Illness anxiety disorderSomatic symptom and related disorders; Hypochondriasis
Illness anxiety disorder (IAD) is a preoccupation that physical symptoms are signs of a serious illness, even when there is no medical evidence to support the presence of an illness.
People with IAD are overly focused on, and always thinking about, their physical health. They have an unrealistic fear of having or developing a serious disease. This disorder occurs equally in men and women.
The way people with IAD think about their physical symptoms can make them more likely to have this condition. As they focus on and worry about physical sensations, a cycle of symptoms and worry begins, which can be hard to stop.
It is important to realize that people with IAD do not purposely create these symptoms. They aren't able to control the symptoms.
People who have a history of physical or sexual abuse are more likely to have IAD. But this doesn't mean that everyone with IAD has a history of abuse.
People with IAD can't control their fears and worries. They often believe any symptom or sensation is a sign of a serious illness.
They seek out reassurance from family, friends, or health care providers on a regular basis. They feel better for a short time and then begin to worry about the same symptoms or new symptoms.
Symptoms may shift and change, and are often vague. People with IAD often examine their own body.
Some may realize that their fear is unreasonable or unfounded.
IAD is different from somatic symptom disorder. With somatic symptom disorder, the person has physical pain or other symptoms, but the medical cause isn't found.
Somatic symptom disorder
Somatic symptom disorder (SSD) occurs when a person feels extreme, exaggerated anxiety about physical symptoms. The person has such intense thoughts...Read Article Now Book Mark Article
Exams and Tests
The provider will perform a physical exam. Tests may be ordered to look for illness. A mental health evaluation may be done to look for other related disorders.
It is important to have a supportive relationship with a provider. There should be only one primary care provider. This helps avoid having too many tests and procedures.
Finding a mental health provider who has experience treating this disorder with talk therapy can be helpful. Cognitive behavioral therapy (CBT), a kind of talk therapy, can help you deal with your symptoms. During therapy, you will learn:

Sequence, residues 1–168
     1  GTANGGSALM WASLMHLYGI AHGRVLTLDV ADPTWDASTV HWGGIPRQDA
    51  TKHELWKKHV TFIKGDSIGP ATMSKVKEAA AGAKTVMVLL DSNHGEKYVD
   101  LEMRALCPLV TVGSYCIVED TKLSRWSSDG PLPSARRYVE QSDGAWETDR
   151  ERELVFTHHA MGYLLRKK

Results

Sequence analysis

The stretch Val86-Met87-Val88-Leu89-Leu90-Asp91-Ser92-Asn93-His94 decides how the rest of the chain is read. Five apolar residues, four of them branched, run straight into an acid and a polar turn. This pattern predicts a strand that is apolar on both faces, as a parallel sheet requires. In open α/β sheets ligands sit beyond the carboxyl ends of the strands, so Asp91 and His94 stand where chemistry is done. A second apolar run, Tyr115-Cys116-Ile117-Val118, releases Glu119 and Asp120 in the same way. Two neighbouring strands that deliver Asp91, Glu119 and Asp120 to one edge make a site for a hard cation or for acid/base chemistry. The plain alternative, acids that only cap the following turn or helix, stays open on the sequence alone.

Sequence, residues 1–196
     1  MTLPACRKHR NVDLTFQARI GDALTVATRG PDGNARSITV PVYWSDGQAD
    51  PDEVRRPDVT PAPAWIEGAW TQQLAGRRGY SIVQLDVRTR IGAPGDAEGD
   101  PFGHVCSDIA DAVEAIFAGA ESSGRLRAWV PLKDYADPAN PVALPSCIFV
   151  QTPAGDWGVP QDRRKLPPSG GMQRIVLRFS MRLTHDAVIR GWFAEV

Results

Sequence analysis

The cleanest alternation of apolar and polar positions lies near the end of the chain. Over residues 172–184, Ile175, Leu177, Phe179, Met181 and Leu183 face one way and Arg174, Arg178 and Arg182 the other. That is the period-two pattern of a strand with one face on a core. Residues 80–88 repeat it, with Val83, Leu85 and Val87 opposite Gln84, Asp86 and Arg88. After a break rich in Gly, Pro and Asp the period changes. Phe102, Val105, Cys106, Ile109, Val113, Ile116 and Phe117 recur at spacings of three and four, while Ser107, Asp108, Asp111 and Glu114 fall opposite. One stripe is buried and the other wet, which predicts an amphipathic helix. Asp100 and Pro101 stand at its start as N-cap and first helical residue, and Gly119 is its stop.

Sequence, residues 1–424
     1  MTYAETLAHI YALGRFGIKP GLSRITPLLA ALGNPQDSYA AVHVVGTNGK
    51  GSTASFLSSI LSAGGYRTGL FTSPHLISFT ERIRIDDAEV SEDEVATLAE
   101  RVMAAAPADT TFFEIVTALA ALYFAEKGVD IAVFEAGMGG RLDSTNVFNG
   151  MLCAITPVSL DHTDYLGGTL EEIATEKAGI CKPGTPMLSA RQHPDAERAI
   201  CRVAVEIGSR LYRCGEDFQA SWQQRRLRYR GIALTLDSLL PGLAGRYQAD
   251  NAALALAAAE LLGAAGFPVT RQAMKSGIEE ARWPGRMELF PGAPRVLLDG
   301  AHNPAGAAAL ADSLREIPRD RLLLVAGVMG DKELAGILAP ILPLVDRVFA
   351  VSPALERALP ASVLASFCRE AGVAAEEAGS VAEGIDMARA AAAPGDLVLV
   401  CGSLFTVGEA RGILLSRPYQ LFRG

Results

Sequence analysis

- To recognize what seems to make the symptoms worse
- To develop methods of coping with the symptoms
- To keep yourself more active, even if you still have symptoms
Antidepressants can help reduce the worry and physical symptoms of this disorder if talk therapy has not been effective or only partially effective.
The disorder is usually long-term (chronic), unless psychological factors or mood and anxiety disorders are treated.
Complications of IAD may include:
- Complications from invasive testing to look for the cause of symptoms
- Dependence on pain relievers or sedatives
- Depression and anxiety or panic disorder
- Lost time from work due to frequent appointments with providers
When to Contact a Medical Professional
Call your provider if you or your child has symptoms of IAD.
American Psychiatric Association. Illness anxiety disorder. Diagnostic and Statistical Manual of Mental Disorders. 5th ed. Arlington, VA: American Psychiatric Publishing, 2013:315-318.
Gerstenblith TA, Kontos N. Somatic symptom disorders. In: Stern TA, Fava M, Wilens TE, Rosenbaum JF, eds. Massachusetts General Hospital Comprehensive Clinical Psychiatry. 2nd ed. Philadelphia, PA: Elsevier; 2016:chap 24.
- Anxiety disorders(In-Depth)
- Bipolar disorder(In-Depth)
- Hypochondriasis(Alt. Medicine)
- Stress(Alt. Medicine)
- Attention deficit hyperactivity disorder(In-Depth)
- Insomnia(Alt. Medicine)
- Depression(Alt. Medicine)
- Eating disorders(In-Depth)
- Restless legs syndrome and related disorders(In-Depth)
Review Date: 9/7/2020
Reviewed By: Fred K. Berger, MD, addiction and forensic psychiatrist, Scripps Memorial Hospital, La Jolla, CA. Also reviewed by David Zieve, MD, MHA, Medical Director, Brenda Conaway, Editorial Director, and the A.D.A.M. Editorial team.